A selection of content from the prestigious academic journal Antiquity will now be featured in the pages of British Archaeology magazine in a new partnership between the Council for British Archaeology (CBA) and the Antiquity Trust.
During the summer of 2020, the CBA were forced to reduce the size of its flagship title as retail markets disappeared due to the pandemic. A charitable donation from the Antiquity Trust supports the charity in bringing the magazine back to its former size, highlighting the best peer-reviewed archaeology research from around the world to a deserved new audience.
CBA Director Neil Redfern said:
“The events of 2020 have shown us how we need to work together, and it is with huge delight that we are announcing this new partnership with the trustees of Antiquity. The grant we have received from the trustees of Antiquity enables us to restore the magazine to full size as well as bringing our readers more of the very best archaeology news as it happens. The work of Antiquity and its pioneering contributors is a great fit for our magazine.”
Antiquity was launched in March 1927 with founder OGS Crawford’s mission to make the fruits of archaeological research available to everyone. It now ranks among the world’s most highly regarded academic journals under the editorship of Robert Witcher, Associate Professor of Archaeology at the University of Durham. It publishes new archaeological research of international significance in plain language to a broad academic and professional readership.
From 1951 the Council for British Archaeology’s Calendar of Excavations grew into a newsletter which became a magazine, relaunched under its present title, British Archaeology, in 1995. Praised for the quality of its content and design, British Archaeology informs, campaigns – it has been quoted in Parliament and on BBC news programmes – and entertains.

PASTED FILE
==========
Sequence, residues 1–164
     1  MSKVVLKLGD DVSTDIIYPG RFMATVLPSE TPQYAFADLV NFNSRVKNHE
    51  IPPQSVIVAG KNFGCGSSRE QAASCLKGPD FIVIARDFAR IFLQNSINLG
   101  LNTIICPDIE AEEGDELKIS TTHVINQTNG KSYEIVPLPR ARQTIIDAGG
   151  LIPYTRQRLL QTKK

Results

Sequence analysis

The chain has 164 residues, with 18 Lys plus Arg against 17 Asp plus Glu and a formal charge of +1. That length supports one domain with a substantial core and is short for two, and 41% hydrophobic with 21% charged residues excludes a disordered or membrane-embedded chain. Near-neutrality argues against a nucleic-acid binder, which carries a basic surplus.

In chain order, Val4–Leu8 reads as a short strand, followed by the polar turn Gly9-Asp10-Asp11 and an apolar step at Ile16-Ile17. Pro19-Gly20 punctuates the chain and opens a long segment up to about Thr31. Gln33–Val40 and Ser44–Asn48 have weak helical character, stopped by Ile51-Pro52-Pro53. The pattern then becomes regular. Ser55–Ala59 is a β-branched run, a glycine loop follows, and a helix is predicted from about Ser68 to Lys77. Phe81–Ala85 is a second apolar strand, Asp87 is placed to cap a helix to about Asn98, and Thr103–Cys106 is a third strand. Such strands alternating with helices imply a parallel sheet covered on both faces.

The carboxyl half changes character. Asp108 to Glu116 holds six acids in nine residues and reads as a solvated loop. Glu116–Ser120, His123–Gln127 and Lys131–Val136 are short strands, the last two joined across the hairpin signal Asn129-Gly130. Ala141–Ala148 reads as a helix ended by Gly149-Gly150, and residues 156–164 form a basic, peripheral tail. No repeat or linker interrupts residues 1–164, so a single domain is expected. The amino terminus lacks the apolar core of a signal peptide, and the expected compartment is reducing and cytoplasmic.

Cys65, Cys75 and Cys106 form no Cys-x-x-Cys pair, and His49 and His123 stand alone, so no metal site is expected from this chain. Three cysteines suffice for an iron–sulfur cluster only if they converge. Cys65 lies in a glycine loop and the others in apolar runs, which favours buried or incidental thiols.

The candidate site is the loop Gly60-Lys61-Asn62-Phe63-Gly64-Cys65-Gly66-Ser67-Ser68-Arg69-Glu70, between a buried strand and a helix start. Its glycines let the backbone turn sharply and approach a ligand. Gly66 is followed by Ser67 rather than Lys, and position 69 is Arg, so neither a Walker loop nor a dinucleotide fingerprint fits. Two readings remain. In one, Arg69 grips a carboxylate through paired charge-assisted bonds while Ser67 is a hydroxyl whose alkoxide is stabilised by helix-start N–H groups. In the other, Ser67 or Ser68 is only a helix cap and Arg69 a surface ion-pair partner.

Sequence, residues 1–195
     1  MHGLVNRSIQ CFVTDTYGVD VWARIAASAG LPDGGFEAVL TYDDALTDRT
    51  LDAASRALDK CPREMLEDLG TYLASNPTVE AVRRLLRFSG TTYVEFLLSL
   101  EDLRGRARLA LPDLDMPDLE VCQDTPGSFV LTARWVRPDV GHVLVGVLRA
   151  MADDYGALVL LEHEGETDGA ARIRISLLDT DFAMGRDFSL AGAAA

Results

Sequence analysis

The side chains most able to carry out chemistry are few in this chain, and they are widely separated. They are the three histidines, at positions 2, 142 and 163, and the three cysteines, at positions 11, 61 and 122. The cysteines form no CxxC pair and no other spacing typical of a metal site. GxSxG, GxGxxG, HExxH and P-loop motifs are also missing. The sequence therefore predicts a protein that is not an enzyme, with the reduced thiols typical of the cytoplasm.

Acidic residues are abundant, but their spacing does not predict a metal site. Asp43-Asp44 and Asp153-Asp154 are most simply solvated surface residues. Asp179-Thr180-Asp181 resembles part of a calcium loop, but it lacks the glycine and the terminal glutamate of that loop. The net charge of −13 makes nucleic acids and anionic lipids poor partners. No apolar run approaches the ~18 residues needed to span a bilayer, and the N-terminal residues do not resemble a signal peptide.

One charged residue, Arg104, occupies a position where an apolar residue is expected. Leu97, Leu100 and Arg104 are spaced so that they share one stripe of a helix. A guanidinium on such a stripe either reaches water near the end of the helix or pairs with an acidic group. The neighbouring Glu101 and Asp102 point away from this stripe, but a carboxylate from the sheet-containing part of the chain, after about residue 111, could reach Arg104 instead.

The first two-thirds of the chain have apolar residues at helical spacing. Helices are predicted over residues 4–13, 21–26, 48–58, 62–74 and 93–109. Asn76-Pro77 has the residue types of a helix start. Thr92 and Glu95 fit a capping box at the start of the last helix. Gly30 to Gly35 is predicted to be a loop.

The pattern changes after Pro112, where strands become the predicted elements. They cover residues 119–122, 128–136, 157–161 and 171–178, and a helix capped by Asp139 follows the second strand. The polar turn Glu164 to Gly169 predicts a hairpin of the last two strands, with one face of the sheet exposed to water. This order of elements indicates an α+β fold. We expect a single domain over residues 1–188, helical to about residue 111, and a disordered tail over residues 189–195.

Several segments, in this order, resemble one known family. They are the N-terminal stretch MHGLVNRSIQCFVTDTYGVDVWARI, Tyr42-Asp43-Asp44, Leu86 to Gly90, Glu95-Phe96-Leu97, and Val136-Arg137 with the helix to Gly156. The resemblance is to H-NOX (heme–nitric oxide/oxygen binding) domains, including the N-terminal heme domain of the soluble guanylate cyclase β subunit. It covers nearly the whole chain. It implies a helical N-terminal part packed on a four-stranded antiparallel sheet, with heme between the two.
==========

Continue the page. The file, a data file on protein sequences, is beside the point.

Antiquity Editor Robert Witcher said:
“Antiquity has published archaeological research from around the world for over 90 years. During that time, archaeology has changed enormously—with new questions, methods and interpretations. Our core mission, however, remains unaltered: to publish a representative cross-section of the latest archaeological research in the form of concise and accessible articles.
“Each issue of the journal features a diverse range of research. We publish articles and reviews on all periods, from the Palaeolithic through to the present day. We also feature a wide variety of methods and approaches, from the scientific analyses of newly found objects to the reinterpretation of well-known sites and monuments. This year, for example, we have featured articles on the discovery of new Neanderthal remains in Iraq, evidence for donkey polo in China, a mass grave of plague victims in Lincolnshire and the archaeology of marine plastics in the Galapagos Islands.
“Thanks to the support of the Antiquity Trustees, we are delighted that the readers of British Archaeology will be able to discover even more of the cutting-edge research being undertaken around the world to investigate our shared human past.”